Faced with the financial meltdown no one seems to have predicted, we, like many others, had to revise our plans and focus our resources. Oddly enough I think this enabled a clearer view on what was important in our work and what was perhaps more peripheral…
To move along we focused on our partnerships and leverage to maximize impacts and stretch our cash further. We also focused more on taking calculated risks against stubborn challenges; in other words we gambled.
Often the gambles paid off, but occasionally we failed. And to the point of failure – If we simply did what others have always done, where would we be? Philanthropy is about taking risk, pushing the envelope and hopefully changing the dynamics of situations for the better. There are some exceptional people who support our Foundation, not least the Trustees both Jacqueline and Julie-Ann need singling out for their unerring commitment to help.
We are a small Foundation but with significant ambition, not for ourselves but for the young people and the families we serve. No child is ever born bad nor should any child be born into poverty and starvation. In Scotland the grip of poverty on our nation remains palpable, in Africa beyond belief in this day and age.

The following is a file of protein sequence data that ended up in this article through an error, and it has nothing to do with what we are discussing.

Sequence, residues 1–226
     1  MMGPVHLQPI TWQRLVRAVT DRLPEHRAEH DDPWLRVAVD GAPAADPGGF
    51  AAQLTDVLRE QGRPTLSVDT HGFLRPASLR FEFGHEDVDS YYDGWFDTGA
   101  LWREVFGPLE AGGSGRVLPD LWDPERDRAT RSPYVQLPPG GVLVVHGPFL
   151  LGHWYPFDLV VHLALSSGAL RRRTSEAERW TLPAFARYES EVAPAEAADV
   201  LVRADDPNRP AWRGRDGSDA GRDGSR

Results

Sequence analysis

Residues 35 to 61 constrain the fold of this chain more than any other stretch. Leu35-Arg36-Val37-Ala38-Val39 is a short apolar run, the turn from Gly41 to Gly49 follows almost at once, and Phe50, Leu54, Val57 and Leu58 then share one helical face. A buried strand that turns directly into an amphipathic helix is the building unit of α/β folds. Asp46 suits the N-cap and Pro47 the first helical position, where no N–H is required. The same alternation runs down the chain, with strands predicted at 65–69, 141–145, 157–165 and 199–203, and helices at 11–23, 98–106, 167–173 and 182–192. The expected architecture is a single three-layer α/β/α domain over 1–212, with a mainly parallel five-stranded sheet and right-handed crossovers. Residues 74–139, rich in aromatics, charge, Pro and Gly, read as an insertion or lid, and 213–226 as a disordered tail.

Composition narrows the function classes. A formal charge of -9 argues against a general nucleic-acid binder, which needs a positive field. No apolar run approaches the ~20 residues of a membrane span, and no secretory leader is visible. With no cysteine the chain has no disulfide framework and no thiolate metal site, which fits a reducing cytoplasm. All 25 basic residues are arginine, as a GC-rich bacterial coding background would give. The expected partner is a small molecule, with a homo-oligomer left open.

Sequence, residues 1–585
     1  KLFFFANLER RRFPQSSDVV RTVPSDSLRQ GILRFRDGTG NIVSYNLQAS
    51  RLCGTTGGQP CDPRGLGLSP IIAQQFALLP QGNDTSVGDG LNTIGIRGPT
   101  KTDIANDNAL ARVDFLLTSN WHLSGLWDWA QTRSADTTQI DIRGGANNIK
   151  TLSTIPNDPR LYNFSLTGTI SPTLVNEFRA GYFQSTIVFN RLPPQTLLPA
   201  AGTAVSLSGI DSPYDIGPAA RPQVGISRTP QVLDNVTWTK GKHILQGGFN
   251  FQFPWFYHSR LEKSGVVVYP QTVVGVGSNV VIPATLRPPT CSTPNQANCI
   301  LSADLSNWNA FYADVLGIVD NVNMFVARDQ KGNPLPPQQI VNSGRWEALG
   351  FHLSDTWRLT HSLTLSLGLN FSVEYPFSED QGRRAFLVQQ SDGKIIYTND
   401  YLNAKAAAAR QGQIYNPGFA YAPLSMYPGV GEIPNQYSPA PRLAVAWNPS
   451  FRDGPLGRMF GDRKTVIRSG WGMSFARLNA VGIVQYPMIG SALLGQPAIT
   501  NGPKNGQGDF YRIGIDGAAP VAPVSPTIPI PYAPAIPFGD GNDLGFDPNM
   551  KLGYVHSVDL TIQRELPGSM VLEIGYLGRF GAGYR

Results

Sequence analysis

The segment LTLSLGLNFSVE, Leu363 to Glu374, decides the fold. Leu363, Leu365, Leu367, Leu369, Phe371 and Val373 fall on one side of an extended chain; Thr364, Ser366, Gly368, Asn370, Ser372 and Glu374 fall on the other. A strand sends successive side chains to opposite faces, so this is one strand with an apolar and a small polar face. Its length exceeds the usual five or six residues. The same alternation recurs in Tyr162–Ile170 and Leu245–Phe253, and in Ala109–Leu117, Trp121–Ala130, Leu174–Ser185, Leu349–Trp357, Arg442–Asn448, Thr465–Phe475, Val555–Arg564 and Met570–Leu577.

Our motivation is to do something about that and rightly or wrongly we believe economic investment may well be the key to poverty alleviation. As you will read here alongside for profit investors we are in the process of building a food oil factory in Rwanda. If we replicate the impact a similar investment had in Tanzania, one million people will be positively impacted by it in Rwanda; roughly one tenth of the population.
Need I say more?
To those we fund , thanks for delivering and keep on doing it.
Going forwards we will continue to focus on the Clinton Hunter Development Initiative in Rwanda and in the UK on enabling every child to be all they can be through our various investments.
The Hunter Foundation is imperfect; we learn by doing, we make mistakes. This report is dedicated to Campbell Hunter, Tom’s father, an inspiration to us all and a man I owe my job to.
Tom in the infancy of his philanthropy asked Campbell how to go about this philanthropy business and Campbell, quick as a flash said ‘exactly Tom treat it like a business now go and find yourself a chief executive and get on with it’.
We’re getting on with it.